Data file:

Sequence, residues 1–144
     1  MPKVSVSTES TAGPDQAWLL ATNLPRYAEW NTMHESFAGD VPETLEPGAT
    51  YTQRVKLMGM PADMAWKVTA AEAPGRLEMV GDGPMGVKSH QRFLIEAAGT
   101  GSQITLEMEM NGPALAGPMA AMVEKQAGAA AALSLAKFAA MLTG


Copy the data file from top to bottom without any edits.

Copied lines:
Sequence, residues 1–144
     1  MPKVSVSTES TAGPDQAWLL ATNLPRYAEW NTMHESFAGD VPETLEPGAT
    51  YTQRVKLMGM PADMAWKVTA AEAPGRLEMV GDGPMGVKSH QRFLIEAAGT
   101  GSQITLEMEM NGPALAGPMA AMVEKQAGAA AALSLAKFAA MLTG